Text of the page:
Sunday, April 18, 2010

Garlic Mustard

Last Sunday was a black day in the history of Bull Mills, our little patch of Bull Creek south of Ozark. Barbara stopped to check a small oxbow pond in the flood plain and came out with several specimens of Garlic Mustard.  This is a new species for us, but a real bad actor that requires aggressive management.  Just listen to Linda Ellis' tale of woe. 
"I was involved in the attempted eradication of this plant from a Nature Conservancy holding north of Kansas City in the early 80s when it was first recognized as invasive.  The first year, we pulled up the plants and stuck them in the notch of trees so they wouldn't accidentally re-root.  That's when we found out that the plant will expend every bit of it's final energy to mature it's seeds and drop them.  The next year, we collected every plant showing and carried them away for disposal.  The following year, the place looked like we had never been there.  It was covered with the beastie.  Over the next 3 years, it was estimated that 7 tons of garlic mustard was removed before it quit coming up."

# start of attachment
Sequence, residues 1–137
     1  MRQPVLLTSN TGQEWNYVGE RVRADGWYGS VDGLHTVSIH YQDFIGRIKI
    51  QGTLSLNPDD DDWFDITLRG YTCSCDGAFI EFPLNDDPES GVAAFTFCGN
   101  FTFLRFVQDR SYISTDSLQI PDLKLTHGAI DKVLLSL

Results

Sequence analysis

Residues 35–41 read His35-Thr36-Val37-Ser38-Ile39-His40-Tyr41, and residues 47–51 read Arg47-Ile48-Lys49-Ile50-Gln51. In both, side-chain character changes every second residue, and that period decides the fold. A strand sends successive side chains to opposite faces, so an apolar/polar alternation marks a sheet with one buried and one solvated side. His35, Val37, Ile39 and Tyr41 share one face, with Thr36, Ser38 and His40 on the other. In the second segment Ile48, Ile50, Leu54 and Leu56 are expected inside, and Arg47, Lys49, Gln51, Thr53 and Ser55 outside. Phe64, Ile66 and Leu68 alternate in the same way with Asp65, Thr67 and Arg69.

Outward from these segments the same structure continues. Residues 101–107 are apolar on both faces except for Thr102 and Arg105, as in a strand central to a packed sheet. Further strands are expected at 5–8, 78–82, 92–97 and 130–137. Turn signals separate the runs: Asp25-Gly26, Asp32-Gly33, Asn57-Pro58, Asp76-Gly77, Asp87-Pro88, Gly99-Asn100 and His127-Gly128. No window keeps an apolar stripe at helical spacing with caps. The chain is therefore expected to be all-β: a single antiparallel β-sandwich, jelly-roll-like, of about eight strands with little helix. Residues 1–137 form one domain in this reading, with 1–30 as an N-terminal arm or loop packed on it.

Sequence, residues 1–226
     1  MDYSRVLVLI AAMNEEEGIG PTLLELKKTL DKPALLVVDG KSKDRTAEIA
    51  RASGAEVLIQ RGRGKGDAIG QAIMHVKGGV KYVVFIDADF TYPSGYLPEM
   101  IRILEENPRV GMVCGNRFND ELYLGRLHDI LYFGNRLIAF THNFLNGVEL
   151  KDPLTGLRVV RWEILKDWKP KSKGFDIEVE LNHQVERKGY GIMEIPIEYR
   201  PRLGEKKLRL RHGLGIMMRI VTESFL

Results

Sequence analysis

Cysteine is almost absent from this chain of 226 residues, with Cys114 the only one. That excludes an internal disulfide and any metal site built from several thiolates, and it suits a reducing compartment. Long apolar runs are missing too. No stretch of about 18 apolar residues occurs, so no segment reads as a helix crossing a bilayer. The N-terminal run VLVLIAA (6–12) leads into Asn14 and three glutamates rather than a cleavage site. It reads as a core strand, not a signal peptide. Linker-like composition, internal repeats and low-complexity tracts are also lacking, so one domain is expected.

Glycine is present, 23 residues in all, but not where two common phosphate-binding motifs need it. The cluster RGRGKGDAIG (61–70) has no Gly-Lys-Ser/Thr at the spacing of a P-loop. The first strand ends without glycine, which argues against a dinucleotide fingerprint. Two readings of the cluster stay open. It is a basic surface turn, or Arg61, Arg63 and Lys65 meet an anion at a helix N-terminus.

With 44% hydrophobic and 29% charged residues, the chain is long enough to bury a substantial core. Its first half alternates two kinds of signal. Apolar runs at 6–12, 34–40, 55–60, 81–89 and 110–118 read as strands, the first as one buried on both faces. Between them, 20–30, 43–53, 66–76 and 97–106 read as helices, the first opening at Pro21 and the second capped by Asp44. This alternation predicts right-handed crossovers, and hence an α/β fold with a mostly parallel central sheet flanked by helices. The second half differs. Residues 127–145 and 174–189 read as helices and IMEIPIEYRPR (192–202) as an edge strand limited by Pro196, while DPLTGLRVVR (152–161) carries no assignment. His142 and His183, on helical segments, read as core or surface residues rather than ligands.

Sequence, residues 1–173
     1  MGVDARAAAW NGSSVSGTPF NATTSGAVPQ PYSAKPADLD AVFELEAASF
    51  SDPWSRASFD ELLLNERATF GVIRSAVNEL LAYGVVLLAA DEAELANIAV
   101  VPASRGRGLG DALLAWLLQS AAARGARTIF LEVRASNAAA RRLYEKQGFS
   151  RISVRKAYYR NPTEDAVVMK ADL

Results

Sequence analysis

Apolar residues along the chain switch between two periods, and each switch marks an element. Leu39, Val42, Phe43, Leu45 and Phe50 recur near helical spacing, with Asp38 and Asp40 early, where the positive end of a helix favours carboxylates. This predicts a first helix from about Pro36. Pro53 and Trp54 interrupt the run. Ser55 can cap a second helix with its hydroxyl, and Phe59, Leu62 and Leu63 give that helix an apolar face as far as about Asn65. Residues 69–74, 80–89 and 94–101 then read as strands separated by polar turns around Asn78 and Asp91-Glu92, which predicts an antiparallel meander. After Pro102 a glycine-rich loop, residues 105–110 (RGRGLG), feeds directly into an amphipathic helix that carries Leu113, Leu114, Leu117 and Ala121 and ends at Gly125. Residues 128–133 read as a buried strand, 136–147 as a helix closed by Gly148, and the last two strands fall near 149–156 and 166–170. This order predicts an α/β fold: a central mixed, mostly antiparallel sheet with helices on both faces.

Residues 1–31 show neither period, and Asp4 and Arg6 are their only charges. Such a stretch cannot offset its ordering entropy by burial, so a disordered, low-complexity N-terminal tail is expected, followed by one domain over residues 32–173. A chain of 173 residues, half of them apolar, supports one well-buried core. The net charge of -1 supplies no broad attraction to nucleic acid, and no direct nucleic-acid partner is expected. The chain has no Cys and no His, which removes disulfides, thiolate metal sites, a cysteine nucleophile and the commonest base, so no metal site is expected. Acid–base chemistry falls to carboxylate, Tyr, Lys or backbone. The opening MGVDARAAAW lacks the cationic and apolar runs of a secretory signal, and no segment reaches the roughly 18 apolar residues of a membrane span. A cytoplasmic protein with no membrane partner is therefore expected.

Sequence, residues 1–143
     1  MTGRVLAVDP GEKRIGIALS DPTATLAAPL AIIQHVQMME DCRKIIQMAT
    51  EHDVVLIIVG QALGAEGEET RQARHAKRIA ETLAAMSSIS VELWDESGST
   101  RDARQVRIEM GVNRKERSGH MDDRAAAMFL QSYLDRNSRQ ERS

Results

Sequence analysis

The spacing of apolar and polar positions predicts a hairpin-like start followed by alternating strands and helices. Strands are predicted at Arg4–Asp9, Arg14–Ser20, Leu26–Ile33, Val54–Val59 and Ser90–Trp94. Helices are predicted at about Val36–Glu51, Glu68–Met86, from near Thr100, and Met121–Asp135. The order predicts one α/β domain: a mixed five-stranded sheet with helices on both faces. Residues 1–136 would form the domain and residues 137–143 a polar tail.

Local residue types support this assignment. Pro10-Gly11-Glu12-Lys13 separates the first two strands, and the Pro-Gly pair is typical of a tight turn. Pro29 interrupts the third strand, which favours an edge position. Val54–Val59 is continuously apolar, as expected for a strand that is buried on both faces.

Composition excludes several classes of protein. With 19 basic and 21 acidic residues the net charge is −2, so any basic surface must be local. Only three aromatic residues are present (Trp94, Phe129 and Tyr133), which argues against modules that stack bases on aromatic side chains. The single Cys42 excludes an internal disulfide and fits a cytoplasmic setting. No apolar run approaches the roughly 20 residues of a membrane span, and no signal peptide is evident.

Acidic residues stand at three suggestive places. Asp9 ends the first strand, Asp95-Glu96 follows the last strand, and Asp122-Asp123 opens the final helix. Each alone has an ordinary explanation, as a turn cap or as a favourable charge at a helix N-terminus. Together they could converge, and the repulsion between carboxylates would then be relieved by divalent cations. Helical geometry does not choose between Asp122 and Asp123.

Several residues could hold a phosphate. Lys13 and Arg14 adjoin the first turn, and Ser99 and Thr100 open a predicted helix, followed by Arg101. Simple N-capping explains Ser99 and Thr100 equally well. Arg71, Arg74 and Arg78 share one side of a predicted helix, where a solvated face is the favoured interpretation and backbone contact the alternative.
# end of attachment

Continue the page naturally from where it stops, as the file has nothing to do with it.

To quote from this MDC link, "Garlic mustard aggressively has invaded numerous forested natural areas and is capable of dominating the ground layer in many areas. It is a severe threat to many natural areas where it occurs because of its ability to grow to the exclusion of other herbaceous species."  Translation- it spreads voraciously, overwhelming the wildflowers of the forest floor.
An excellent video at this site covers its growth characteristics.  In addition to tolerance to shade and a wide variety of habitats, it grows tall enough to shade out other plants and small trees.  It is a prolific seed producer and these seeds are easily spread by contact with clothing, shoes and animal fur.  Also, it's roots produce an allelopathic chemical that kills the fungi that many native plants and trees require for survival, clearing room for more of it's seeds to sprout.
A predator has been identified.  The weevil Ceutorhynchus scrobicollis may eventually be an answer to controlling invasive garlic mustard.  Information on the creature is at this site.   Until then, the best description of the plant and its eradication is from the National Park Service.
It is a native European herb where it is picked in the wild or grown in gardens.  Its mild garlic flavor is popular in salads and on sandwiches and the leaves are also cooked in sauces.  Garlic mustard with exceptionally large leaves is said to have taproots with a horseradish taste. Excellent plant photographs as well as eating and cooking suggestions are at this web site.
We are anxious to try eating it this week- after Barbara rips it out by its roots with a blood-curdling scream and vicious grin on her lips.  You are welcome to share in our bounty.  Bring lots of plastic leaf bags and a sturdy back for pulling plants.  Come to think of it, we'll provide the bags.

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